Drone technology and further automation advances will allow for even more workload reduction. The FAA is currently working on its next generation of air traffic control that will include a concept called Free Flight. This will shift a lot of the control (aircraft separation) to each aircraft's onboard systems. This means less communication with ground controllers. Believe it or not, even today, radio communication with ground controllers can sometimes be a full time job for one (the non-flying) pilot.

Cockpit technology is advancing at a crazy fast pace. While aircraft themselves look fairly similar to what they did 50 years ago, the cockpit has been undergoing a resent renaissance. Not that long ago a pilot needed to be able to:

  • Do complex math calculations inside his/her head. The controller says, "cross xyz intersection at 14,000 feet and 250 knots." Calculating when descent should be begin, and what rate of decent should be used, needed to be done quickly by hand or in the head. Today, enter the numbers into the box, presto, done.
  • Maintain "Situational Awareness" based on triangulation of information from what we called "Steam Gauges" (basically electromechanical gauges). Situational awareness is knowing precisely where you are in space (laterally, longitudinally, and altitude) and also your heading and speed. With a modern glass cockpit, with moving map it is easy to see exactly where you are and where you are going. It is hard to describe to someone how cockpit steam gaugesdifficult it can be when you are "in the soup"(in the clouds) trying to figure out where you are in relation to an airport, based on very limited information. The information is only numbers. You must translate those numbers to a point on the map... and do it quickly.
  • Be a navigator. Before GPS, you needed to constantly be tracking where you were. As you lowered your altitude, in remote areas, navigation aids could become limited or less sophisticated. The ADF which is still in use, (although being phased out) is very crude. Its a ground based beacon that sends out a signal, the needle in the airplane points to it... that's it. Its a difficult and crude way to try and make an instrument approach to a runway in the clouds.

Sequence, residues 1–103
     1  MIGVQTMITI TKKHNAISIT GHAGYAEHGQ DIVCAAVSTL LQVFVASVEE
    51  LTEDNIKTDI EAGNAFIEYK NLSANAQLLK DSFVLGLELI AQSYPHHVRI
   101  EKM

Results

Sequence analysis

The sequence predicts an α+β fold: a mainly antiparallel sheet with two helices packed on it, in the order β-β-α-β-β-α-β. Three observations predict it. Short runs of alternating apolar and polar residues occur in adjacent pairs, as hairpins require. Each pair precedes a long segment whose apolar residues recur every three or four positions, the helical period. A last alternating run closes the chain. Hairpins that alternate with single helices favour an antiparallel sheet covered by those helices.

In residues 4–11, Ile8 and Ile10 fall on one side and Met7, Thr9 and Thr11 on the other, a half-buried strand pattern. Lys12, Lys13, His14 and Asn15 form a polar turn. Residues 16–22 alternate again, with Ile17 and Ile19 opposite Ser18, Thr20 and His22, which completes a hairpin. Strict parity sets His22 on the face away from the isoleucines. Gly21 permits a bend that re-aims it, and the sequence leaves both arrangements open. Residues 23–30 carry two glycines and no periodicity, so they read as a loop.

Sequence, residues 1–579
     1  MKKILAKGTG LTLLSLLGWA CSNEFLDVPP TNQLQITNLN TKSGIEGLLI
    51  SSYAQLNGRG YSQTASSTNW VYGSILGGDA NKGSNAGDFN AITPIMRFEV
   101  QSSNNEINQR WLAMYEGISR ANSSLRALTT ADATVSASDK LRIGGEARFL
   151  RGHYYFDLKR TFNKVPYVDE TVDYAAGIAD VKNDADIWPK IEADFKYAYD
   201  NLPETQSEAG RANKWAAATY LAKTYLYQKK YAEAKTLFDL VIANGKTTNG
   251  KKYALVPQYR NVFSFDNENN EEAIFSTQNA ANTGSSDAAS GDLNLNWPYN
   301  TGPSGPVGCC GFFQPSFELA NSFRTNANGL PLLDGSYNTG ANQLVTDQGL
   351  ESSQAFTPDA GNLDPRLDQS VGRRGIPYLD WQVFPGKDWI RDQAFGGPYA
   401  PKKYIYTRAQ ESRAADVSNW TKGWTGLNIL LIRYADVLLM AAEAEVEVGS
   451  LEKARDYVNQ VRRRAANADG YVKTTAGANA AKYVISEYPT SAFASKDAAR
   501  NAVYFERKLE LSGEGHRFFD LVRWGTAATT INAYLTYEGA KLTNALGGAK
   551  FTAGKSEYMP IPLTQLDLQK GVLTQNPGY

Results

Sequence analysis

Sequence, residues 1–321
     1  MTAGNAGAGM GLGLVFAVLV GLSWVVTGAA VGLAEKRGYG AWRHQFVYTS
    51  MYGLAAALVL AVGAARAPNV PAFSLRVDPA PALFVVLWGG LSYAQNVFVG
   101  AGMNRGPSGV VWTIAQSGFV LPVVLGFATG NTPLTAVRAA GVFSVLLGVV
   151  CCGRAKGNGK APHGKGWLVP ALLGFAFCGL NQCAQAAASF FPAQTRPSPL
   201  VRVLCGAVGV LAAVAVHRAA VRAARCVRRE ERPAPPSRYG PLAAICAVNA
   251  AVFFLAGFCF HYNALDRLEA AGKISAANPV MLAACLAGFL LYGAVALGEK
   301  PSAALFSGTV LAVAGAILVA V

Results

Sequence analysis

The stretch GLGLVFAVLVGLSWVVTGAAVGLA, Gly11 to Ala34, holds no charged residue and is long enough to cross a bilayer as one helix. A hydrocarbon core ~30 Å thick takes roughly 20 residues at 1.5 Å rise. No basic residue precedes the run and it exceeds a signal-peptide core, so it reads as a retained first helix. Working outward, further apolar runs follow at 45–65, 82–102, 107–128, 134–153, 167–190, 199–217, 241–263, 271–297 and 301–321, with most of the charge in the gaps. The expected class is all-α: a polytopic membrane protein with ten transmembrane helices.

• Know a lot about aircraft engines and systems. Today many aircraft have auto-start systems that monitor the engine starts to insure there are no dangerous "Hot Starts", or other conditions that could be catastrophic. Also, auto-throttle system automatically adjust power settings on takeoff, climb out, cruise and descent. These are just a few examples of computers monitoring and controlling systems that no longer require pilot attention.


In the future it would not be hard to imagine a control room full of qualified pilots and aircraft systems specialist. If an aircraft is in trouble, the single pilot with limited experience would hit the panic button. Instantly the control room would be linked into the cockpit. The control room would pull up a real time virtual cockpit and be able to provide expert help and guidance to the pilot. Many of the corrections would actually be accomplished by the control room committee directly making changes to the aircraft.